Examples include creating a new legal entity or undergoing an audit stage if your company has been around for a while with a cash flow history of income and spending. Ensure that you create all the necessary conditions to pass this stage as quickly and painlessly as possible.
How to apply for an investment?
We recommend establishing clear goals before applying for investment. A few questions can help you with this:
- Do you want to handle the full cycle from developing to publishing or only focus on development?
- What genres do you plan to work with in the future, and what kind of team do you need for this?
- What do you expect from your partner: financial support, relevant expertise in your current genre, or knowledge in a genre you want to explore in the future?
Providing honest answers will enable you to build a relevant shortlist of possible investors and develop a good pitch. Having a clear understanding of your business needs and wants will increase your chances of finding a reliable partner.
You will need to do
Research is a crucial step in the investment process. Look into companies currently offering investment and funding, and use the answers to the above questions to filter potential partners. If you require a partner with genre-specific experience or expertise in publishing and marketing, seek companies that offer these services.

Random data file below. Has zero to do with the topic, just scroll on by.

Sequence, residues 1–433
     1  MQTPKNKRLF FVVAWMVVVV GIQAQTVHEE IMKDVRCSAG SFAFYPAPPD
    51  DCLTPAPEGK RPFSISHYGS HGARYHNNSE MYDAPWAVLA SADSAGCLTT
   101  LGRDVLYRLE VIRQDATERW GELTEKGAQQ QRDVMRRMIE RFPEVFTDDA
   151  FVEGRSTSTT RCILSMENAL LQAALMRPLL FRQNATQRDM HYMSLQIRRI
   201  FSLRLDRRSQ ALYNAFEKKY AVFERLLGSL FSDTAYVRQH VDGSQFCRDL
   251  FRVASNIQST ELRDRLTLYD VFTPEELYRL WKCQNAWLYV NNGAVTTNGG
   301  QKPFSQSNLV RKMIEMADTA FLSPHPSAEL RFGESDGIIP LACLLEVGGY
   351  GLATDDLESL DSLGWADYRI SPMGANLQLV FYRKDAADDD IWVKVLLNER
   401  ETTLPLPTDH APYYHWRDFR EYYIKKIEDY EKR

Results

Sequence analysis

This point may seem obvious, but some developers forget that not all companies provide the necessary services and required expertise.
Additionally, consider the companies your potential partners have previously invested in. You can easily find press releases about investments online and look at data from analytics systems to see if the businesses they invested in have succeeded. What happened to the developers they had invested in? Did their business get off the ground?
It’s essential to keep in mind that developing a project from scratch takes time to yield results. Therefore, deals signed only six months or a year ago may not provide an accurate picture. Looking at data from 2–3 years or even five can give you more helpful information.
If you have enough free time, reach out to studios and inquire about their experience with their investors, what they do and how they help, or, on the contrary, what they can’t help with. That can be done at conferences, for example. And remember, an NDA does not restrict good recommendations :)
2. Prepare the material
Regardless of the funding type you have chosen, the following set of materials will be required:
- A presentation about your company
Share the most important facts about your studio:
- Foundation date;
- Registration country;
- Field of expertise: genre, niche, art style, target audience; technical stack: engine, single player or multi, etc.;
- Released projects. Make sure to tell more about the games developed and published by your current team (in case there are any). Aren’t your projects published? No problem, just leave a link to the games you’ve developed. Don’t forget to provide details about the genre, art style, target audience, release year, number of downloads, and total revenue (when applicable).